Many people come to me flustered and confused, wondering why they’re not making progress in their training. Barring acts of God, if there’s an unnecessary plateau in your training it’s almost definitely due to one of the following variables:



For those who don’t know, a program is an organized series of workouts designed to achieve a certain athletic goal.

If “programming” is your issue, it could be because you’re not really following your program, you’re not even on a program, your program isn’t appropriate for you as an individual, or because it’s just a bad program. Hopefully you’re able to figure out the first two on your own. If not, God help you.

If you are on a program and you’re actually following it (good job!), but you’re not sure if it’s a good one or not, I’ve written an article on “3 things every training program should include“, which covers the basics.

To summarize though a good program should:

> specifically address your personal goals

> it should be appropriate for your level of fitness

> it should address your strengths/weaknesses (assuming you’re not a novice, in which case you have no strengths) and

> it should incrementally increase in difficulty.

Now that you’ve checked all those things off the list, another super common issue is:


If you’re breaking down your body with training and not replenishing it with the appropriate resources, you’re not going to get bigger, stronger, more toned, athletic or whatever. Actually there’s a good chance you’ll get weaker, and working out to get weaker is really dumb.

As a basic recommendation for strength training, you’re going to need 2 grams of high quality protein per KG of body weight, 5-6 grams of carbs per KG of body weight (or 45-65% of total calories) and 20-35% fats (Baechle, 211-213).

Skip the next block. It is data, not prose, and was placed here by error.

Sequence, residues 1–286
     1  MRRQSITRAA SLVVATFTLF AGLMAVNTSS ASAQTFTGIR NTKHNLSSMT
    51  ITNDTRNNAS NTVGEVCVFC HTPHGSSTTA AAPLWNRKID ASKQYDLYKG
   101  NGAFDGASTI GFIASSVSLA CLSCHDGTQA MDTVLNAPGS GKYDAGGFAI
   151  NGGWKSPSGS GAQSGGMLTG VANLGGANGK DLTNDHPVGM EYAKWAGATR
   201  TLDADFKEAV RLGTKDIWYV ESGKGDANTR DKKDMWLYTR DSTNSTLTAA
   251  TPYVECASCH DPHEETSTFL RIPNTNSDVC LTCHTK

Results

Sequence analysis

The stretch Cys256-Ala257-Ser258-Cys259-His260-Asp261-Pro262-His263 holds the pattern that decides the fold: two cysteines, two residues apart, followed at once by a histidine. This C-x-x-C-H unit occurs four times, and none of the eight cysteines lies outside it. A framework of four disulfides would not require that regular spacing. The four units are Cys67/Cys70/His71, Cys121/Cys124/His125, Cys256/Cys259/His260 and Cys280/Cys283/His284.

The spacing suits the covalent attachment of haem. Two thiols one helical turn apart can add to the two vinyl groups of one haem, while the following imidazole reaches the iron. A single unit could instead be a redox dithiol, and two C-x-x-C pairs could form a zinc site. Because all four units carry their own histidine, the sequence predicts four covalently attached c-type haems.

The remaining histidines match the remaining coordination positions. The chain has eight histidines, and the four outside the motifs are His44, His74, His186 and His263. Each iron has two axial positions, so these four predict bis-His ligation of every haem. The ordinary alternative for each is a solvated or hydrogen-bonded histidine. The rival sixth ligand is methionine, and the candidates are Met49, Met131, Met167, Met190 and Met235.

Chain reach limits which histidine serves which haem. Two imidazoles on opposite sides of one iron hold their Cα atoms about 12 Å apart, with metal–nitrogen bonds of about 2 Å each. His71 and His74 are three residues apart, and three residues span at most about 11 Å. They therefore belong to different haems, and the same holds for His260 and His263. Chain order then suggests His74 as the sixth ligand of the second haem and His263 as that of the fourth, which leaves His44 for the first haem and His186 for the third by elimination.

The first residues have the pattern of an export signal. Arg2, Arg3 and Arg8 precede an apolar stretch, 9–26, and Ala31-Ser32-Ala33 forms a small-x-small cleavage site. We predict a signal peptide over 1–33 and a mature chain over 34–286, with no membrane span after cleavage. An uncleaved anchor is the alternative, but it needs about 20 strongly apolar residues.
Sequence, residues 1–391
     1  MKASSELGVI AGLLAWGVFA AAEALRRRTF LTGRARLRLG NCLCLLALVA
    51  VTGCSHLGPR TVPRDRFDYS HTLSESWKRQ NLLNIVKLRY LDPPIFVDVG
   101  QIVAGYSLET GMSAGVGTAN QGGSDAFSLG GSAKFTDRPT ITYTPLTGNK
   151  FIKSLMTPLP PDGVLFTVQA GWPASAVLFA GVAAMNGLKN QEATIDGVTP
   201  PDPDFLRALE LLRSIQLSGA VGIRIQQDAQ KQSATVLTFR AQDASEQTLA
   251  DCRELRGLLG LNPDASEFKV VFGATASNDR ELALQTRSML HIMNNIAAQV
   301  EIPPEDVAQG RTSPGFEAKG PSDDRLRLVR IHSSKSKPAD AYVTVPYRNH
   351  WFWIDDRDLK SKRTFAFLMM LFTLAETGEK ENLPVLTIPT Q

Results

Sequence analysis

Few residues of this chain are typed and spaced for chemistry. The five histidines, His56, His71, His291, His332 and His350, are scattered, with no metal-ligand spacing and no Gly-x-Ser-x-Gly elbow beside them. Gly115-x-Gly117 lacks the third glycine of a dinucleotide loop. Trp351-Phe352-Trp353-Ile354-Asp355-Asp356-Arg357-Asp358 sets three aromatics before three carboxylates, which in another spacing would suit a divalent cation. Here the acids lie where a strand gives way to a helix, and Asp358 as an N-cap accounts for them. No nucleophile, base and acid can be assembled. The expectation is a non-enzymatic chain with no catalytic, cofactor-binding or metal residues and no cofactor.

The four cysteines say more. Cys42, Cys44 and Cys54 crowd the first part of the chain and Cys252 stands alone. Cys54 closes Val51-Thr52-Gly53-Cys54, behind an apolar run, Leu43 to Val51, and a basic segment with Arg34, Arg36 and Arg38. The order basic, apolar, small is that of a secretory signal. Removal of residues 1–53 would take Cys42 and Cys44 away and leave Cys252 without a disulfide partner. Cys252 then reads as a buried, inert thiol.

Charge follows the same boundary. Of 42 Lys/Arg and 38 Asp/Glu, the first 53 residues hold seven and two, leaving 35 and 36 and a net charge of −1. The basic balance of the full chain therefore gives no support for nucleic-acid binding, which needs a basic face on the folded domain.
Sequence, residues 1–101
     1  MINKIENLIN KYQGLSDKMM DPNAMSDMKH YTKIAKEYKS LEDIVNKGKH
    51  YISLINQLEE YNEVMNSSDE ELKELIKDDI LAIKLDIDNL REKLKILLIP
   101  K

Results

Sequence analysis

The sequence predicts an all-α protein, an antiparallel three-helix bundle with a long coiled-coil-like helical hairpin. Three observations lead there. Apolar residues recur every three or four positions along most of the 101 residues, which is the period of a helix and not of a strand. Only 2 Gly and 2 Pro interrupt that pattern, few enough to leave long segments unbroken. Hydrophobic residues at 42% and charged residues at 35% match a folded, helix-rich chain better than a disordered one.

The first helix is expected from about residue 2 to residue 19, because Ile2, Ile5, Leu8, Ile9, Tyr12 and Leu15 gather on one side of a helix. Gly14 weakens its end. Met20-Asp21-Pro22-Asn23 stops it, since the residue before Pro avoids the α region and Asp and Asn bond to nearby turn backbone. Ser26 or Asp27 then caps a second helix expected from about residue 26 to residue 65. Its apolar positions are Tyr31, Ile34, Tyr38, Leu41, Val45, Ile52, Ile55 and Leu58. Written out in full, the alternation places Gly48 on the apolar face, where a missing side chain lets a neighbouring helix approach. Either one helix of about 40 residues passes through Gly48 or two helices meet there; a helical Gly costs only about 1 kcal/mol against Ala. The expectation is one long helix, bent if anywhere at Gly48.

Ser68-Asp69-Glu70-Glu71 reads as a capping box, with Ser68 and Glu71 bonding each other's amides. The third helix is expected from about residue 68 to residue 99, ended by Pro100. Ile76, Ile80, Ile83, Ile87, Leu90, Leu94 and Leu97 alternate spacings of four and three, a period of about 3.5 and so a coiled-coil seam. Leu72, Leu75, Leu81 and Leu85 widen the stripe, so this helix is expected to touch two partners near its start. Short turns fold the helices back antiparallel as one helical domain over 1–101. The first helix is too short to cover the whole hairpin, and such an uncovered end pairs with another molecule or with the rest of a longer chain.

The last essential component is sleep:


Once you apply training stimulus and have given your body adequate resources with which to rebuild, it needs time and rest in order to recover and adapt. Check out this beautiful graph by Bret Contreras:

Practically speaking, if you’re tired as hell when you start training, the quality of your training is going to suck, and therefore your adaptations will equally suck. Adaptations will be specific to the quality of work completed.

Example: Let’s suppose you train hard on Friday, then you go out and party all day and all night on Saturday. You stumble into the gym on Sunday and try to train. You’re only going to be able to train at a fraction of the intensity you’re actually capable of training at. That means that if you’re wanting to break past 5×5 at 225 on back squat, but you can only squat 185 that day because you’re so tired and never recovered from your last training session, you’re never going to get past that 225 mark. To progress past your current limitations, you need to train reasonably close to them.

That’s it! Pretty darn simple. Obviously we could spend a long time digging deeper into each of these topics, so let me know if you have questions about any of them so I can know what to write about next.


Baechle, Thomas R., and Roger W. Earle. “Nutritonal Factors in Health and Performance .” Essentials of Strength Training and Conditioning, Human Kinetics, 2008, pp. 211–213.